Oprah Breaks TLC South African Record

Two years after the Queen of talk bid her thousands of fans on Mzansi television goodbye, she is back again on Dstv's channel 172 annd ranking in the big numbers for the channel. Mama Oprah definitely still has the midas touch and South Africans are still under her ratings spell.

Discovery Networks’ flagship female channel, TLC, set a new record in South Africa this month as the premiere special Oprah Winfrey and Lance Armstrong: A Worldwide Exclusive became the top rating show on the channel since it launched on DStv in 2011.

“TLC experienced unprecedented ratings during the first episode of the controversial interview with Lance Armstrong. The show was #1 in its timeslot on Friday 18th and reached more than 1 million in South Africa over the two nights,” says Lee Hobbs, channel director, Emerging Business, Discovery Networks CEEMEA.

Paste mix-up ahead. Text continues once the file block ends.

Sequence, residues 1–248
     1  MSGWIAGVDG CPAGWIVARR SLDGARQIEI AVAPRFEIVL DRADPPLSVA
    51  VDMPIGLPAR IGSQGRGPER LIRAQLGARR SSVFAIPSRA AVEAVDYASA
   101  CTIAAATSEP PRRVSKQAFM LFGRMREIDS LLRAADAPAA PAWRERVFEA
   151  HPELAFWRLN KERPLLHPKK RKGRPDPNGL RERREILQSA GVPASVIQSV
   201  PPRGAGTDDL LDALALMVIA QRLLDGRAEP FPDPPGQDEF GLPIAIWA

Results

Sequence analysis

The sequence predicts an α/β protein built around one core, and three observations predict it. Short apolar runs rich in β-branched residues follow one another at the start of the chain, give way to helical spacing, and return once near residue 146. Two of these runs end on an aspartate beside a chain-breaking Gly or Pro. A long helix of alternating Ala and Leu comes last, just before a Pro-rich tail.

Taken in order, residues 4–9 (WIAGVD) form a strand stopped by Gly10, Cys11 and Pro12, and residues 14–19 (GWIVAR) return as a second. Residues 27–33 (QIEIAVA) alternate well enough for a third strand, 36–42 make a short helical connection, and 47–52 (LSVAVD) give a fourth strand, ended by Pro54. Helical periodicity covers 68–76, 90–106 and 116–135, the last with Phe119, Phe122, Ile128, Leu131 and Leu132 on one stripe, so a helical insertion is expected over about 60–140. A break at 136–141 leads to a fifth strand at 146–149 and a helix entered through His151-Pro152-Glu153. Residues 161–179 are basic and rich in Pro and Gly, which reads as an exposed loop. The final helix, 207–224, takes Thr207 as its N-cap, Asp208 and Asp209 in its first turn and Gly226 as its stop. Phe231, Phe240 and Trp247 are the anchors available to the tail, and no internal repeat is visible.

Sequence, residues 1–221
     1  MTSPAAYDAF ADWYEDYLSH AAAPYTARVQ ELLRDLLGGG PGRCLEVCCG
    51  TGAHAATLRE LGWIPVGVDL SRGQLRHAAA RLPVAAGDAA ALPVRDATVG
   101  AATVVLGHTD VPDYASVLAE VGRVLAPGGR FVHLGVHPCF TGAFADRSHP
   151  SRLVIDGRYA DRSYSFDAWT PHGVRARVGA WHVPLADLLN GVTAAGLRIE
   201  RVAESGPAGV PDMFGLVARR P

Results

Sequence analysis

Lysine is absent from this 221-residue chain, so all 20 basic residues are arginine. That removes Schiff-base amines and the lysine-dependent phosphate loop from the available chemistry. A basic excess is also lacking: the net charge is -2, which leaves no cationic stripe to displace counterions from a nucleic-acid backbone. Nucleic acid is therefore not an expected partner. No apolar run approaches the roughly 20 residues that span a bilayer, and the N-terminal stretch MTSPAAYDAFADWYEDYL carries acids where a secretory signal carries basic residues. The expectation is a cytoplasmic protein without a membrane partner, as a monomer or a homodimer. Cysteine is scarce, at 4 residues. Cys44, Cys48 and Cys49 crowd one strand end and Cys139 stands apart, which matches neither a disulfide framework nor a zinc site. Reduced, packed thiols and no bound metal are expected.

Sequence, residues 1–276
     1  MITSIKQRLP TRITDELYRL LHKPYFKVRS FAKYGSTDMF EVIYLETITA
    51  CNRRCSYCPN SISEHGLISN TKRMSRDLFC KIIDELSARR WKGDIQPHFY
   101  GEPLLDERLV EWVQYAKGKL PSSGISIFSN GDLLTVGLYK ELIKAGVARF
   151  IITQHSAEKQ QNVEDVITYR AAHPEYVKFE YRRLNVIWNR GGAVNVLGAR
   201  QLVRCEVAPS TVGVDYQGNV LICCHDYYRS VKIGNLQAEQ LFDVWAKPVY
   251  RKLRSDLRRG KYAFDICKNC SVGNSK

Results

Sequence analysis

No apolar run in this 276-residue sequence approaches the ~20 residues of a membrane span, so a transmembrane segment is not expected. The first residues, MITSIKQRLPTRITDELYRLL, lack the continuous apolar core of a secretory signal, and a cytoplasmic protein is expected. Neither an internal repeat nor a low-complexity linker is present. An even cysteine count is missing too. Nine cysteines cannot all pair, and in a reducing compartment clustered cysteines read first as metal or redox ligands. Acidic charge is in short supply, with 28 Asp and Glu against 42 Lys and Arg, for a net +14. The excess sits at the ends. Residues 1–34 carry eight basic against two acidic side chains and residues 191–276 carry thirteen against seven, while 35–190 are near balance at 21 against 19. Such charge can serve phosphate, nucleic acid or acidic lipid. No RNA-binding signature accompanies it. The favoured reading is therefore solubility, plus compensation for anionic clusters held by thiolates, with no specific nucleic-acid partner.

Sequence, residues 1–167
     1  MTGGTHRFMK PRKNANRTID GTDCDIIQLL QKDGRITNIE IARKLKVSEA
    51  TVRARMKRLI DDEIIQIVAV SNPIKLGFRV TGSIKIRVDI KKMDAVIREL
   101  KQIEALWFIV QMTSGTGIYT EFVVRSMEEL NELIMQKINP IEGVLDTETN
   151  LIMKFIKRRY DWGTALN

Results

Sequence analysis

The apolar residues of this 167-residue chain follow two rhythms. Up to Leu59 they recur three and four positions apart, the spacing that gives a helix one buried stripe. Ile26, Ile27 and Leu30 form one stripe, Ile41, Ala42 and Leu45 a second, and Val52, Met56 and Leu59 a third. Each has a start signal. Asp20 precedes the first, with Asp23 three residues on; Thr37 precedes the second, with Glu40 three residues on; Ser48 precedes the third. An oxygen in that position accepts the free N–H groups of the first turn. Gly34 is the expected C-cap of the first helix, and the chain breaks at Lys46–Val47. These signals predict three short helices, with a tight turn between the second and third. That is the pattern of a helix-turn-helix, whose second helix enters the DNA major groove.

“The show follows on from the huge impact TLC has made so far in the South African market and is the start of what is going to be a fantastic year full of new and exciting shows.”

Since its launch in October 2011, TLC has captured the imagination of women to become the most watched lifestyle channel in South Africa. Popular programmes on TLC in South Africa include Cake Boss and The Next Great Baker featuring Buddy Valastro, Happily Ever Laughter, Strange Attractions, Mob Wives, Say Yes to the Dress and Too Fat for Fifteen.

Internationally TLC is the most widely distributed female-targeted entertainment and lifestyle channel brand in pay-TV reaching 234 million households in over 150 markets across Europe, Middle East, Africa, Asia-Pacific and Latin America.

Unfortunately at the moment TLC is only broadcasting selected episode of the show. A bummer really as this would garner them some long term credibility and future ratings success.

Currently the big news pertaining to the show is the latest interview with Whitney Houston's family where her brother admits to being the one who introduced the late superstar to drugs and not Bobby Brown as most people think.
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